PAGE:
So, it wouldn’t surprise me at all to see young people figuring out how to do their learning day, figuring out how to create a routine for the day, figuring out how to take some of the pressure off a parent. And then the reverse of that, that a parent figures out, maybe not perfectly, how to help a child work through a math problem or an English lesson and maybe they laugh at the fact that the parent isn’t perfect at it and they figure out how to solve it together. But the kinds of feelings that those kinds of experiences are going to engender for families are just more important than, do I think as a parent that I’m a good teacher? Hopefully I’m good enough.

But the more important thing is that my child knows that I’m in it with them and that I have confidence that we’re going to be able to figure this out together.

Chris Riback: That strikes me as such an important concept for any parent, particularly in a situation like this where everything is disrupted, it has to be our first and natural inclination to protect, to make that component of parenting become prominent. But that phrase that you used to help children, enable children, give them the opportunity to “borrow that courage” from you could be just as important if not more important than the protection element.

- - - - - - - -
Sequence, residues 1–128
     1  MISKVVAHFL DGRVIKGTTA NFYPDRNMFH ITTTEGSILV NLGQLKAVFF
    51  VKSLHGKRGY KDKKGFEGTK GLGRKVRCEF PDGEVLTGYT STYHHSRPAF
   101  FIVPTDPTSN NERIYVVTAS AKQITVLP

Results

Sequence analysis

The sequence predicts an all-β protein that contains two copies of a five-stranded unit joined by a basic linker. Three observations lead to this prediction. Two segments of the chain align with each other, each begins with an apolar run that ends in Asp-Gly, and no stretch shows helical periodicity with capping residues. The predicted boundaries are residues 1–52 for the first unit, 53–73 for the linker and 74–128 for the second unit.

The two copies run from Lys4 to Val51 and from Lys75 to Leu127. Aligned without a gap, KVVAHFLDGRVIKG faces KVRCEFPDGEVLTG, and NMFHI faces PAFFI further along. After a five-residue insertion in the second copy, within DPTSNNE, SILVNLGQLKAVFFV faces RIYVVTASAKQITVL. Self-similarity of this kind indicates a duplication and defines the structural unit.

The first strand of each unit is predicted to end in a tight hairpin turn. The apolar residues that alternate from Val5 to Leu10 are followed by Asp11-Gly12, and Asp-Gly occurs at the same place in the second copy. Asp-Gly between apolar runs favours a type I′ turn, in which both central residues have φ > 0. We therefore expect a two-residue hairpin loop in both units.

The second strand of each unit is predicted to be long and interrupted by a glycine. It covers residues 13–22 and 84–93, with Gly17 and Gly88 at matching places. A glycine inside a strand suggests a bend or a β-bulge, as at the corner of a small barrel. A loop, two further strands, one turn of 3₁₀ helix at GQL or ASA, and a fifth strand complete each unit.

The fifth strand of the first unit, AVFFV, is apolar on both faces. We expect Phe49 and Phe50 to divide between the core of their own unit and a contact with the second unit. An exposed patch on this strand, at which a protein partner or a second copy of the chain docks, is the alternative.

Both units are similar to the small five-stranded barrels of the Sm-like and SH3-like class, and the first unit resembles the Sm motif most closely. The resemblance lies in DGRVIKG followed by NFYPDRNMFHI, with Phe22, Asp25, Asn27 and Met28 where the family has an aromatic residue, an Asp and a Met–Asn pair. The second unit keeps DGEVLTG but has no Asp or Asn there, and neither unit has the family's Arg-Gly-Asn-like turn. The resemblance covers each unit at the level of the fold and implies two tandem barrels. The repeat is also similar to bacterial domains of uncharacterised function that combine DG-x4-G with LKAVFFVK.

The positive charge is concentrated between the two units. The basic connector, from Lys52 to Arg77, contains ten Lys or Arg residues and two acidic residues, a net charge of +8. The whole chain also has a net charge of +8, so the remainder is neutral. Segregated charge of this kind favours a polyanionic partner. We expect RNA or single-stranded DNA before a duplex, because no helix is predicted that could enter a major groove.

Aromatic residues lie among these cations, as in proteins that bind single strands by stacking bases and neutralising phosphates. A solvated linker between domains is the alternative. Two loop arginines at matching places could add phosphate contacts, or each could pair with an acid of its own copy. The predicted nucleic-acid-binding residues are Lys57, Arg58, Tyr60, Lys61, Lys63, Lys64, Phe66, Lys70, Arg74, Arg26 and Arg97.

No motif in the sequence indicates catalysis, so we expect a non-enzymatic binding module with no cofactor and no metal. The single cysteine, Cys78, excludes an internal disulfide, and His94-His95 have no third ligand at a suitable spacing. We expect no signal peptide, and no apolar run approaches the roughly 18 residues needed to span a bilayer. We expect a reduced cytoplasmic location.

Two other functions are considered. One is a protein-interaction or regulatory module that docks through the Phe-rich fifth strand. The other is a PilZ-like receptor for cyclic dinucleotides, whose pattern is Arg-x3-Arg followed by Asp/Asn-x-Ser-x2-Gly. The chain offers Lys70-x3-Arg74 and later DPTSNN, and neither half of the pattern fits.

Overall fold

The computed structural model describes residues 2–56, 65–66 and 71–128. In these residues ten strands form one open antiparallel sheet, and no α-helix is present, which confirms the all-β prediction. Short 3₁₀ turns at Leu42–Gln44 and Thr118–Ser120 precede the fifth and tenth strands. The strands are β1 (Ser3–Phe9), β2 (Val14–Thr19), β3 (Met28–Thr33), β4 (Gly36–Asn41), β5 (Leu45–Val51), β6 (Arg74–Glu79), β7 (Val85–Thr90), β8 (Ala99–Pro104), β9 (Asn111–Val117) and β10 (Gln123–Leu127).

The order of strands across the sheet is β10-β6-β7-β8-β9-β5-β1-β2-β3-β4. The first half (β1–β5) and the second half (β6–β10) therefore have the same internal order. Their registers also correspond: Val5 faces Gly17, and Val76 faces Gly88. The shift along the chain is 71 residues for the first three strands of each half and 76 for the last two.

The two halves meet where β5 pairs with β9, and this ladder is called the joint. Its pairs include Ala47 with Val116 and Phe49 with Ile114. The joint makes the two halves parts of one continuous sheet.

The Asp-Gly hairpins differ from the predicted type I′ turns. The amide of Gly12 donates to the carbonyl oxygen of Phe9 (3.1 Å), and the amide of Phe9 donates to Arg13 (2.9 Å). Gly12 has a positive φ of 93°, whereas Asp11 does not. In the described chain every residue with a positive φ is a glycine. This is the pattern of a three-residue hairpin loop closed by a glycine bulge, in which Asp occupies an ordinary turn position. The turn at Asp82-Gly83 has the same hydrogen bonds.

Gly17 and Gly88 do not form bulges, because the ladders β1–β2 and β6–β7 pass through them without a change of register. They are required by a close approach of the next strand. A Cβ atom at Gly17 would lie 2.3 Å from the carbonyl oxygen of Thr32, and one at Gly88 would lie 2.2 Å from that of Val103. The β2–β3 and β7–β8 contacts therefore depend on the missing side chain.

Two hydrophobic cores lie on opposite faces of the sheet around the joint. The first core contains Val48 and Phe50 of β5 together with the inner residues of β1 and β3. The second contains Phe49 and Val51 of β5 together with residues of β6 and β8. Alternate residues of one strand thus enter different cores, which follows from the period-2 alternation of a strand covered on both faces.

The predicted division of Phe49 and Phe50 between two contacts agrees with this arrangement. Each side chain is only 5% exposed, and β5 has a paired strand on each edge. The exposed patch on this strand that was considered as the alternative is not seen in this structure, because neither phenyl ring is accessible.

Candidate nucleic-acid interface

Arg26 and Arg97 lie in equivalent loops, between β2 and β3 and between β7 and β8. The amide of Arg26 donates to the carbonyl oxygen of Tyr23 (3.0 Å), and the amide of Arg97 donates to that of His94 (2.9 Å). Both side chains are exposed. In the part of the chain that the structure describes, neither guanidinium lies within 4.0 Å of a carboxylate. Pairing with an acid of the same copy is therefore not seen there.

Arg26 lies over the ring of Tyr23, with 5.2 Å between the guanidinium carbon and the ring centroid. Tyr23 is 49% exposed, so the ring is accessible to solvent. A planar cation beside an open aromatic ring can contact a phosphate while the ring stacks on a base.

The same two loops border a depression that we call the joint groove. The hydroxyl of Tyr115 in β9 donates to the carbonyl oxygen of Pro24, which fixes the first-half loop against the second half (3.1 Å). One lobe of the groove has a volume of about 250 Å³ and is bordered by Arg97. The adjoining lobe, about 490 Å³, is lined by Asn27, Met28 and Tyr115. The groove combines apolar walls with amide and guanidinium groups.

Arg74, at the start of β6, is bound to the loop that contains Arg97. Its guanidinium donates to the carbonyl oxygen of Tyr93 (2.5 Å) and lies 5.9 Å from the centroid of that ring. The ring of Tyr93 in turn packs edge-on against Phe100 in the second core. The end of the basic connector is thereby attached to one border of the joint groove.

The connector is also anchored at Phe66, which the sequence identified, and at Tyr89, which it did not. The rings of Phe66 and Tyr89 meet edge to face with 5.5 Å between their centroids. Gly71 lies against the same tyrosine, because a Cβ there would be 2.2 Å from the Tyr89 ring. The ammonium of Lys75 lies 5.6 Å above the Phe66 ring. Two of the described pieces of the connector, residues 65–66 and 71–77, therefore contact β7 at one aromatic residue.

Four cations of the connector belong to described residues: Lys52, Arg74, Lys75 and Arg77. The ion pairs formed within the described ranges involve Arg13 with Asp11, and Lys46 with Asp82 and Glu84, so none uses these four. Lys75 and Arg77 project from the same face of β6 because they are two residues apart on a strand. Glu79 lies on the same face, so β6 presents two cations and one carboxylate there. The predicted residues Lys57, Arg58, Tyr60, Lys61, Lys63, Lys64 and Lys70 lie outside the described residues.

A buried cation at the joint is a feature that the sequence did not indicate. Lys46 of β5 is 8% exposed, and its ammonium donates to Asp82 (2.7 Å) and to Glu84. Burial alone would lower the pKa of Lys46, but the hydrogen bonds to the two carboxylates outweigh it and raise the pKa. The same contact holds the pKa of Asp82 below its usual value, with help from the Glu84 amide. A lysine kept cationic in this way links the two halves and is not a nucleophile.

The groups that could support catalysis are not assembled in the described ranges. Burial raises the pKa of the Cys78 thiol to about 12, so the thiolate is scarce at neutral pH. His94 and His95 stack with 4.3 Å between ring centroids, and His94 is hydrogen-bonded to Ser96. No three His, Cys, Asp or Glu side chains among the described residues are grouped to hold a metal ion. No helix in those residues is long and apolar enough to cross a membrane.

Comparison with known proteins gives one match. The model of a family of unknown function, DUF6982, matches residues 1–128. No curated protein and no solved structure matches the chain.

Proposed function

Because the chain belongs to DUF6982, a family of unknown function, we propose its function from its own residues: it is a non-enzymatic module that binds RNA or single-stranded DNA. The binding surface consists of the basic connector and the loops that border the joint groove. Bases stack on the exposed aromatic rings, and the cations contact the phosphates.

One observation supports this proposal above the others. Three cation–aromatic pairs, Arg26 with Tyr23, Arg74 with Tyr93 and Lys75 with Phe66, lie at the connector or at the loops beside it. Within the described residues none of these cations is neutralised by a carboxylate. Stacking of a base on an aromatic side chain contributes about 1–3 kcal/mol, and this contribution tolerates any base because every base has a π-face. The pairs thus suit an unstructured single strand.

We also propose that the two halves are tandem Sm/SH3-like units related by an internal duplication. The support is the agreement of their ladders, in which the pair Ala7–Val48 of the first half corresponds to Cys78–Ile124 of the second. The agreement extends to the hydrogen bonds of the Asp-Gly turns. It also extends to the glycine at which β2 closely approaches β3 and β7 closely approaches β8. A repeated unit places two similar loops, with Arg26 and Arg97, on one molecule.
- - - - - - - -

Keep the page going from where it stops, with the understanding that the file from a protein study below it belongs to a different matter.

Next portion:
Pamela Cantor, M.D.: That is what I’m talking about. And I think it’s a really important thing for kids to see their parents in their humanness. Sometimes kids really do think that we have the answers, and that we don’t make mistakes, and somehow or other we were always good at whatever we were good at. And how great would it be for kids to be able to see a parent doing something that they’re just not familiar with like being a teacher and that the child says to them, “No, no mom, you’ve got to do it this way. My teacher did it this way,” and they figured that out and then they solve it together.

Chris Riback: Why is seeing the humanity of a parent – why is enabling, empowering the child almost to help bring the parent along – why is that so important?

Pamela Cantor, M.D.: The reason it’s so important is because children discover their belief in themselves by being leaders of something, by being able to show their skills. When we protect kids and when we are demonstrating all of the things we know to kids, one of the byproducts of that can be that children just don’t feel that they’re ever going to be as capable as you or as strong as you or as knowledgeable as you. And to be in a situation where up is down and down is up and that maybe our kids will have the answers and maybe our kids will create humor and fun in the day.

There are so many triumphs in that for growth and belief in oneself and identity development. All of these things come from being able to see yourself as an agent, as an active member of a family that can actually solve things that are important.